Nuclear DNA , nuclear deoxyribonucleic acid (nDNA), is DNA contained within a nucleus of eukaryotic organisms. In most cases it encodes more of the genome than the mitochondrial DNA and is passed sexually rather than matrilineally. Nuclear DNA is the most common DNA used in forensic examinations.
Mitochondrial DNA (mtDNA) is the DNA located in organelles called mitochondria. Most other DNA present in eukaryotic organisms is found in the nucleus. Nuclear and mitochondrial DNA are thought to be of separate evolutionary origin, with the mtDNA being derived from the circular genomes of the bacteria that were engulfed by the early ancestors of today's eukaryotic cells. In the cells of current organisms, the vast majority of the proteins present in the mitochondria (numbering approximately 1500 different types in mammals) are coded for by nuclear DNA, but the genes for some of them, if not most, are thought to have originally been of bacterial origin, having since been transferred to the eukaryotic nucleus during evolution. In mammals, all mtDNA in a zygote is inherited solely from the mother, and this holds true for most other organisms as well.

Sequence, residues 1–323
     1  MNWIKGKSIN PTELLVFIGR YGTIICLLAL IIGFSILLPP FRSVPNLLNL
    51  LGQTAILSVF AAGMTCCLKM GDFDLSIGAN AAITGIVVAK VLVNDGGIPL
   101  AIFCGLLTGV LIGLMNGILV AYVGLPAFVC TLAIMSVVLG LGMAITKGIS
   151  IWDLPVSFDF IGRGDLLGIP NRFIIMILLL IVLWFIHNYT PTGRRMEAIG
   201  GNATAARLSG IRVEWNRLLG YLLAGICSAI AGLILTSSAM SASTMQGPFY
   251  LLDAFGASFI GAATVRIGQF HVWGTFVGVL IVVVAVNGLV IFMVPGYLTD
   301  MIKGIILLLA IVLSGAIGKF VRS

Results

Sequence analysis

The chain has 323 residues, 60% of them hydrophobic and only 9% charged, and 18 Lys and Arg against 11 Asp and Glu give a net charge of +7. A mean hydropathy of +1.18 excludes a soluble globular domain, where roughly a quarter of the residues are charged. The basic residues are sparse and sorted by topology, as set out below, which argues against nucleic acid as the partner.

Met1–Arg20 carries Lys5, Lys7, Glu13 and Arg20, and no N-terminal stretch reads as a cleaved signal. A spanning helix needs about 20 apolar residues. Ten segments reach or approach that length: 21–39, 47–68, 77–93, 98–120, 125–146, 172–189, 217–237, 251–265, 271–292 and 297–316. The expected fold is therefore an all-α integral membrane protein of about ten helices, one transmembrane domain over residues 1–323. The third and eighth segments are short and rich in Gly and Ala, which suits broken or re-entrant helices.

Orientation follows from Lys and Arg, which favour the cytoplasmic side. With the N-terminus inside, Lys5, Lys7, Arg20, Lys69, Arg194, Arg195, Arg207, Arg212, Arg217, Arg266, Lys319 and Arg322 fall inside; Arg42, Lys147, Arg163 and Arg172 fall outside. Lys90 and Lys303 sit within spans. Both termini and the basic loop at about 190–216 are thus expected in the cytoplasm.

Unlike nuclear DNA, whose genes are rearranged in the process of recombination, there is usually no change in mtDNA from parent to offspring. Because of this, and the fact that the mutation rate of mtDNA is higher than that of nuclear DNA and is easily measured, mtDNA is a powerful tool for tracking matrilineage, and has been used in this role for tracking the ancestry of many species back hundreds of generations. Human mtDNA can also be used to identify individuals.